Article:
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“I did not insult former Pres. Sirleaf”

In what seems like a disclaimer on Sunday June 10, President George Weah told the people of Bong County that at no time he rained insults at former President Ellen Johnson – Sirleaf during days his days in opposition to the former ruling Unity Party.


“My days as member of the opposition [were] not like what I am seeing today. I never insulted the former President like the way people are all over here insulting me. If I [were] here insulting the President, I would not have been given a Peace Ambassador title,” President Weah said Sunday, 10 June in Gbarnga, Bong County.

The president’s disclaimer comes amidst the recent spite of criticisms and insults against the Coalition for Democratic Change or CDC government, something that has caught his prompting him to issue said disclaimer.

Speaking to a cross section of citizens in Gbarnga, President Weah said opposition political parties in Liberia do not critically engage issues that affect Liberians. Instead, he accuses opposition political parties of throwing insults at those in leadership, telling them that it is not the best way to seek good governance in a democratic country like Liberia.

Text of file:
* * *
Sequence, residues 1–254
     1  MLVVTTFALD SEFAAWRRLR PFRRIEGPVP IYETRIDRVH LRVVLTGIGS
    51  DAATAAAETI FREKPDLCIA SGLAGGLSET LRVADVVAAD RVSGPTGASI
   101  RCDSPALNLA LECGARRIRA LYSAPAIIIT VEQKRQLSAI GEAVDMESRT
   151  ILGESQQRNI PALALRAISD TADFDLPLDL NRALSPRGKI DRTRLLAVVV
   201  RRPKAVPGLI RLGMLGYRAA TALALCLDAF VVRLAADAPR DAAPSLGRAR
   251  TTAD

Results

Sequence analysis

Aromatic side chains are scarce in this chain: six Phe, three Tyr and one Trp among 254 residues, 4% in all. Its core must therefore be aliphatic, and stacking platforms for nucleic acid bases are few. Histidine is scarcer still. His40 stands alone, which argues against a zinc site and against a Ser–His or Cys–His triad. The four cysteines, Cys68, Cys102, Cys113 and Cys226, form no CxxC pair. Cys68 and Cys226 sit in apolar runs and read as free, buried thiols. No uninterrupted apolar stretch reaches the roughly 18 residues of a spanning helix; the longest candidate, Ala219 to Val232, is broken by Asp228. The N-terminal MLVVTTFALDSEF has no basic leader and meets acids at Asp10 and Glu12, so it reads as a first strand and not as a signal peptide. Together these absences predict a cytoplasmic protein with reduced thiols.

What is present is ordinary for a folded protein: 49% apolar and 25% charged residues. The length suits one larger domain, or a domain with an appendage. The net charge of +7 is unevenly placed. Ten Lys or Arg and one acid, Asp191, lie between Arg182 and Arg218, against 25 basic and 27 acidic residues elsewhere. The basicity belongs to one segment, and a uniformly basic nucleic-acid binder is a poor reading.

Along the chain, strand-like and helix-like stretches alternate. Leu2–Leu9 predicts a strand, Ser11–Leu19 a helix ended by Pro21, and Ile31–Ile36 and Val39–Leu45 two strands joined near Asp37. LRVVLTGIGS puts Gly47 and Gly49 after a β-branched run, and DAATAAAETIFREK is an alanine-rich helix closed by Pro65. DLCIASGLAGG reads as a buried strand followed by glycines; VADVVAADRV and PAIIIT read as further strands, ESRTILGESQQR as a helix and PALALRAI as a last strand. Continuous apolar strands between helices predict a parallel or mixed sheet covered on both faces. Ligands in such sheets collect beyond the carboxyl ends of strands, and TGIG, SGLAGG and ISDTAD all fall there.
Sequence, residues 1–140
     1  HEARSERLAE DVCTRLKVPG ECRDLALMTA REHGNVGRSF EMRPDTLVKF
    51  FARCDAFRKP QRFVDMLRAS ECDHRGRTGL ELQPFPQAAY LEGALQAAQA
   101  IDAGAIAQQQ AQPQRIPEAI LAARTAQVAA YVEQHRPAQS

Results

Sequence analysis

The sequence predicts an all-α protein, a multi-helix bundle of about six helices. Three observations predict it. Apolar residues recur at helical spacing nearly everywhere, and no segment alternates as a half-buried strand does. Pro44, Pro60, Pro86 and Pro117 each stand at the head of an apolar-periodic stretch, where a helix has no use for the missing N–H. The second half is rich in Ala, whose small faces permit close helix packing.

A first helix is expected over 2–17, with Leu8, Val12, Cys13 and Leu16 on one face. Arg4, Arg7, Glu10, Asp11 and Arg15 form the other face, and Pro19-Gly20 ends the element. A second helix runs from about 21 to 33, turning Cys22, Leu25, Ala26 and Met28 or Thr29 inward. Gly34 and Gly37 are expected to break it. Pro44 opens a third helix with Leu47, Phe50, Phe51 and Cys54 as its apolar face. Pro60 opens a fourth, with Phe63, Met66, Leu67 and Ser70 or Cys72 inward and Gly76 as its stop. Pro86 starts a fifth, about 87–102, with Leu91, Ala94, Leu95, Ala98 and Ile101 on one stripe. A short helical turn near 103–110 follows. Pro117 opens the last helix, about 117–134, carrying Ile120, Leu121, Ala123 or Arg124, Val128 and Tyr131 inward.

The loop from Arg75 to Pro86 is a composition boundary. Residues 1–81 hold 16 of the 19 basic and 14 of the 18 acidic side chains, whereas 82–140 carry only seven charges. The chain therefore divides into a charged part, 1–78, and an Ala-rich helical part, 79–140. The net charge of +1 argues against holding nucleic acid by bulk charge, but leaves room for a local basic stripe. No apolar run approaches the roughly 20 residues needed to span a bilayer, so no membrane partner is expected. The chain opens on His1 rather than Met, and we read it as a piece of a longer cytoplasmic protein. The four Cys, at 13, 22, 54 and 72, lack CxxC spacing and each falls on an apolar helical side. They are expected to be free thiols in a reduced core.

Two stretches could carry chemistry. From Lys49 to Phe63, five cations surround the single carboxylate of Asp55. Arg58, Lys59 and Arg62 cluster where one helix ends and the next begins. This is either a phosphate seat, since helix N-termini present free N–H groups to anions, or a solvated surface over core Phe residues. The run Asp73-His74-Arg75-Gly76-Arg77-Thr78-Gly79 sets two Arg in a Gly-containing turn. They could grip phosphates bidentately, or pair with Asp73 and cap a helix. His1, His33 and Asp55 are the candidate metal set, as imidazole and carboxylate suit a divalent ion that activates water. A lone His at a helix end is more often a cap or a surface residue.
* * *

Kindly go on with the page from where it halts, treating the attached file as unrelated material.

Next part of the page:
According to him, during the leadership of ex- President Sirleaf, he used to speak to issues of importance but not to waste his time on things that will not benefit the local citizens.

President Weah states that every government should expect constructive criticisms to move on, but warns that negative criticism destroys the work of every government.

However, the president called on opposition political parties to join his team in ensuring the success of his government. He says even those from the opposition doubted that he would ever become President of Liberia, it is now time that they all come to work together because their plans have failed.

Mr. Weah vows to work for the Liberian people by continuing from where the past government stopped. He says his government will not be wasteful by destroying projects the past government initiated, but promises to continue from where they ended, saying it is it is the best thing a leader should do.

He promises to ensure road connectivity across the country, noting that when roads are built in Liberia, the common people, especially marketers will not suffer.

By Joseph Titus yekeryan in Bong–Edited by Winston W. Parley

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